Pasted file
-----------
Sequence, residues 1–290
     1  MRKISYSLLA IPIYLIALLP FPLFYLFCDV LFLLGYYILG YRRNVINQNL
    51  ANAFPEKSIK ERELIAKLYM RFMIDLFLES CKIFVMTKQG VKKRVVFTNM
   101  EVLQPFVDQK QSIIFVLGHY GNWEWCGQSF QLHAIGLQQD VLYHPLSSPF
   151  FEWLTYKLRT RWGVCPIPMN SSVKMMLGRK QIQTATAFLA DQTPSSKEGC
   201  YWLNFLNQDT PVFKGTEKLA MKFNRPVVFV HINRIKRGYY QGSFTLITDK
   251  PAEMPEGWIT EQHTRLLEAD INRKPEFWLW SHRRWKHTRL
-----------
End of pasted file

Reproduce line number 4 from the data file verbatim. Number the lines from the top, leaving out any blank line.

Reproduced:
   101  EVLQPFVDQK QSIIFVLGHY GNWEWCGQSF QLHAIGLQQD VLYHPLSSPF